Three Filipino fighters made waves within a one-week period recently by claiming clear-cut victories abroad, proving their mettle as unshakeable road warriors. It’s not easy winning over hometown opponents, particularly if the fight goes the distance, but IBF lightflyweight champion Johnriel Casimero defied the odds in scoring a unanimous 12-round decision over mandatory challenger Luis Alberto Rios at the Magapolis Convention Center in Panama City last March 16.
Casimero, 23, has won his last three outings overseas, making a name for himself as a conquering invader. Fans will recall that in February last year, he survived a riot in the ring instigated by truck union drivers after halting Luis Lazarte in Buenos Aires. That was for the interim IBF lightflyweight crown. Casimero was later elevated as regular titleholder when Ulises Solis was dethroned for failing to defend the throne within the prescribed term. In his first defense, Casimero braved hostile conditions in carving out a split 12-round decision over Pedro Guevara in Sinaloa, Mexico, last August.
In Panama City, Casimero paid no attention to the boos and jeers. He was in the ring to do a job, never mind in what city. Casimero was on attack mode from the onset and Rios couldn’t stem the tide. The scorecards reflected Casimero’s dominance. New Mexico judge Levi Martinez and Puerto Rican Nelson Vazquez had it 119-109 both for Casimero while Tucson’s Joe Garcia saw it 118-108, also for the Filipino. New York referee Benjy Esteves Jr. had no difficulty working the bout as it didn’t look like Rios was inclined to mix it up. Rios only wanted to survive the distance and prayed that the homecrowd would sway the judges to score it his way.
Casimero’s manager Sammy Gellon-ani and Uruguay matchmaker Sampson Lewkowicz won the purse bid for the fight but couldn’t land a deal to stage it in the Philippines. The combined purse for both fighters was $132,000 (P5.3 Million) and there were no takers to even put it on TV here. Lewkowicz eventually found a co-promoter Carlos Gonzalez of Panama to hold it in Panama City.
On the same card, Sarangani’s John Mark Apolinario held former WBA lightflyweight champion Roberto Vazquez of Panama to a split 12-round draw in a duel for the interim WBA bantamweight crown. Last November, they battled to a majority 12-round draw. Apolinario, 23, did enough to earn the verdict but the judges wouldn’t oblige. Martinez had it 116 1/2-112 for Apolinario while California’s Carla Caiz scored it 116-112 for Vazquez. Puerto Rican judge Nelson Vazquez saw it 115-all. Apolinario has a 17-2-3 record, with 4 KOs, and is looking forward to a third meeting with Vazquez to settle their rivalry once and for all. Vazquez was stopped by Drian Francisco in the 10th round at the Cuneta Astrodome four years ago.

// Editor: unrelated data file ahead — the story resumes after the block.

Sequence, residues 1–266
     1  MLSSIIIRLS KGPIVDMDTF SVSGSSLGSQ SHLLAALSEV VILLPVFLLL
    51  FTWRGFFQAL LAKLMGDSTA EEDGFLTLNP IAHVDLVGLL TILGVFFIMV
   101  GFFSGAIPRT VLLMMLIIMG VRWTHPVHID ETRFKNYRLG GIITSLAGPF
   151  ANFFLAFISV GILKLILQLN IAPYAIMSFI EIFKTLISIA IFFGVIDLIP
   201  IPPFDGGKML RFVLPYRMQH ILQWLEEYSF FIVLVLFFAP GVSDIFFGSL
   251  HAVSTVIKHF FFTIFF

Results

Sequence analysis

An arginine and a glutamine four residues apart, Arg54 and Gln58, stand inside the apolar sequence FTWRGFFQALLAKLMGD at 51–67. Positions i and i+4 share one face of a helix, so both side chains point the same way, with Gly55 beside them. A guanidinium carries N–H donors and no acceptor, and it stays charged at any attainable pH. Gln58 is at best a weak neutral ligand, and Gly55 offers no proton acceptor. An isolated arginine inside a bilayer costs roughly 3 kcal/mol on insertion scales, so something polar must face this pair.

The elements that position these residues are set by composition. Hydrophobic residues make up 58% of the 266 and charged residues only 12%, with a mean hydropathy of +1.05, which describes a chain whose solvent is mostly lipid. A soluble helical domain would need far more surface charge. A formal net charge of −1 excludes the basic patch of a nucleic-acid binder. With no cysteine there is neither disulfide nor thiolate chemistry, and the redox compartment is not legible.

Last March 9, Oriental minimumweight champion Merlito Sabillo of Bacolod City halted Luis de la Rosa at 2:52 of the eighth round to claim the interim WBO 105-pound title in Cerete, Colombia. De la Rosa had won seven in a row before facing Sabillo and was a hot favorite to beat the visiting Filipino before his hometown fans. The Colombian’s only loss had been to Mexico’s Raul Garcia by a split decision for the interim WBO crown in 2010.
Sabillo, 29, pounced on De la Rosa from the start, opening a cut with a left uppercut in the first round. Both fighters traded heavy blows and the outcome was in the balance when Sabillo, a lefthander, connected with a right hook to floor the Colombian in the eighth. De la Rosa beat Chicago referee Genaro Rodriguez’ count but was decked once more, this time by a left straight. De la Rosa got up on wobbly legs and Rodriguez signaled an end to the carnage.
Sabillo, who fights in the ALA stable, raised his record to 21-0, with 11 KOs. If WBO minimumweight champion Moises Fuentes decides to relinquish his crown to focus on campaigning in the lightflyweight division, Sabillo’s interim status will be made regular. The victory established Sabillo’s never-say-die attitude as he weathered storm after storm to gut out the knockout win under severe pressure. De la Rosa just couldn’t hold off Sabillo’s relentless onslaught.
* * * *
The third Filipino road warrior to make waves was Bebot Elorde’s protégé Joe Maxian who stopped Tsukasa Saito in the seventh round to win the WBC Youth lightweight title in Tokyo last March 15. Saito entered the ring toting a 16-1 mark but Maxian wouldn’t be denied a decisive triumph despite the Japanese’s glowing reputation. Last August, Maxian was in the same Korakuen Hall ring and was halted by Rikki Naito in the second round so he wasn’t expected to steal the thunder from Saito. The loss to Naito followed Maxian’s six-round defeat to Rosalito Campana on points.
Maxian, 21, proved up to the task. The 5-8 bomber, who stopped Thailand’s Thepsamuthr Duanaay Mukdahan in the second round for the interim WBC Youth superfeatherweight title in Puerto Princesa two years ago, blasted Saito into submission to improve his record to 9-2, with 7 KOs.
The three road wins assuaged the pain suffered by Filipino challenger Renan Trongco who lost a unanimous 12-round decision to IBO minimumweight champion Hekkie Budler of South Africa in Kempton Park, Gauteng, last Feb. 16. Trongco, 24, had a chance to turn the tables on Budler in the seventh round when he hurt the titlist with a four-punch combination but couldn’t follow up on the advantage.